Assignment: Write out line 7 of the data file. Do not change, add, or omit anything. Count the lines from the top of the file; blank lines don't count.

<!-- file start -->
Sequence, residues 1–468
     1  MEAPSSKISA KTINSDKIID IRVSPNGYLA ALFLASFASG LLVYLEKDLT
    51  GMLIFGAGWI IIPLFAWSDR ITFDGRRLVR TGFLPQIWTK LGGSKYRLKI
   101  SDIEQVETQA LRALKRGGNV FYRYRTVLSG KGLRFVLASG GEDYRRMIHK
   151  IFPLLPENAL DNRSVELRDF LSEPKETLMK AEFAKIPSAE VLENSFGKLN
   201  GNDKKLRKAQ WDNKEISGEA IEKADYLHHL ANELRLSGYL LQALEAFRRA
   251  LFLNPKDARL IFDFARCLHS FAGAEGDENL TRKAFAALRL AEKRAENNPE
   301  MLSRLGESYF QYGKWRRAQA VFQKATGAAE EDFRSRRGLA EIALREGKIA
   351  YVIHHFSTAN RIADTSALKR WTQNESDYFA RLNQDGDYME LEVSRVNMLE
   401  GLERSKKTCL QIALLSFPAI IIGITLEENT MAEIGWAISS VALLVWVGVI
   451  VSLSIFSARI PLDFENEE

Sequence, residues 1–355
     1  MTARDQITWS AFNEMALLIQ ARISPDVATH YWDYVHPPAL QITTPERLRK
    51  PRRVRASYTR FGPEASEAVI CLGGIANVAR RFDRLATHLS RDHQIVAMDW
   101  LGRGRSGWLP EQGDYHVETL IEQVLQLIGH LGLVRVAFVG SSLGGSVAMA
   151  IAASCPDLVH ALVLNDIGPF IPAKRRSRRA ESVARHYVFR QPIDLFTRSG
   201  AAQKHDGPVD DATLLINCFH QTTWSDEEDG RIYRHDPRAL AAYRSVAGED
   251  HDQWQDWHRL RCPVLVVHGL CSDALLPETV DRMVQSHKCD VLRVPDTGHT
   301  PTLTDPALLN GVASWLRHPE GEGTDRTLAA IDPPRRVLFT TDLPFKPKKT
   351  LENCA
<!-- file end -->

   251  LFLNPKDARL IFDFARCLHS FAGAEGDENL TRKAFAALRL AEKRAENNPE